Paucis Verbis: AMI and ECG Geography

Sometimes a picture is worth MORE than a 1000 words. Such is the case of the above illustration that I saw on the Life In The Fast Lane blog. When I first saw it, I knew that I immediately had to find out who made the graphic. It turns out it is the multitalented Dr. Tor Ercleve, who is an emergency physician at Sir Charles Gairdner Hospital and an established medical illustrator.

ECG anatomy illustration AMI

This graphic demonstrates the EKG findings for the various types of acute MI’s as broken down by coronary vascular anatomy (right coronary artery, left circumflex artery, left anterior descending artery). This detailed illustration won’t be readable in print form but is great in digital format on your mobile device.

Thanks, Tor!

[PDF]

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By |2021-10-15T11:17:43-07:00Apr 8, 2011|ALiEM Cards, Cardiovascular, ECG|

Paucis Verbis: Right and posterior ECG leads

ECG EKG machine

A standard 12-lead ECG can be very telling for patients with chest pain or shortness of breath. A right ventricular (RV) and posterior wall infarct, however, can present very subtly. You can obtain special right-sided (V1R-V6R) and posterior leads (V7-V9), if you are concerned. What are the indications for obtaining right-sided and posterior ECG leads?


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Addendum 3/11/11:

Right sided ECG leads (V1R-V6R) are positioned in a mirror image fashion from the standard 12-lead precordial leads.
Right-Sided
Posterior ECG leads (V7-V9) are applied by moving V4-V6 in the posterior positions.
ecg08_f9c

By |2021-10-16T19:28:52-07:00Mar 11, 2011|ALiEM Cards, ECG|

Paucis Verbis: Sgarbossa’s Criteria with LBBB

EKG_LBBB

It is difficult to determine if a patient with a left bundle branch block (LBBB) has an acute myocardial infarction (AMI) because ST segments are “appropriately discordant” with the terminal portion of the QRS. That means if the QRS complex is negative (or downgoing), the ST segment normally will be positive (or elevated). Similarly if the QRS complex is positive (or upgoing), the ST segment will be negative (or depressed).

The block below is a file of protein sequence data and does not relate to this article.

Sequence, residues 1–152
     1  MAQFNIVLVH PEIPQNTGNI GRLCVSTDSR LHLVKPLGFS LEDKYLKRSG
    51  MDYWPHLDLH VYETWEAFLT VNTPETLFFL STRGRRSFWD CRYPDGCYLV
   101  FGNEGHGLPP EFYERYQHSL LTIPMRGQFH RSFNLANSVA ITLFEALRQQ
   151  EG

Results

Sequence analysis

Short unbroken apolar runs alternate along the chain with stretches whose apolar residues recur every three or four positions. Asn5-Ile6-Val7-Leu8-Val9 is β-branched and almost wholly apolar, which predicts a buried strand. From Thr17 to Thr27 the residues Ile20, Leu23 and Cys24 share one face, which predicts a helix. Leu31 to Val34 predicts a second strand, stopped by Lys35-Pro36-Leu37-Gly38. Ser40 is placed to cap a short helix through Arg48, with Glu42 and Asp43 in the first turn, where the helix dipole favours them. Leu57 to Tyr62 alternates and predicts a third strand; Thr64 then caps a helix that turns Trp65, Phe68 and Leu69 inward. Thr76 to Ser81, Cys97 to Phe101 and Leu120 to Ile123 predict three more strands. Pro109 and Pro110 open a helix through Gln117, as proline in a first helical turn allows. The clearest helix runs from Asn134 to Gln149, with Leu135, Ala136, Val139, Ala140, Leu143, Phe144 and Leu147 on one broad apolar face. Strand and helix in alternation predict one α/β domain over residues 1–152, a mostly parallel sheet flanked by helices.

PV Card: Sgarbossa’s Criteria

In 1996, Sgarbossa et al looked through the GUSTO-1 trial patients with LBBB and AMI. They derived 3 criteria which may help diagnose the “hidden” AMI. The criteria are:

1. ST elevation ≥ 1 mm concordant with QRS complex (most predictive of AMI of the 3 criteria)
2. ST depression ≥ 1 mm in lead V1, V2, or V3
3. ST elevation ≥ 5 mm where discordant with QRS complex

Use these criteria with caution though. None of these criteria are perfect. They are to help you risk-stratify. For instance, criteria #3 (ST elevation ≥ 5 mm) can exist in asymptomatic patients with LBBB because of concurrent left ventricular hypertrophy and high voltages.

Thanks to Tom Bouthillet at ems12lead.com for the useful illustration above.
Go to ALiEM (PV) Cards for more resources.
By |2021-10-17T09:25:38-07:00Nov 5, 2010|ALiEM Cards, Cardiovascular, ECG|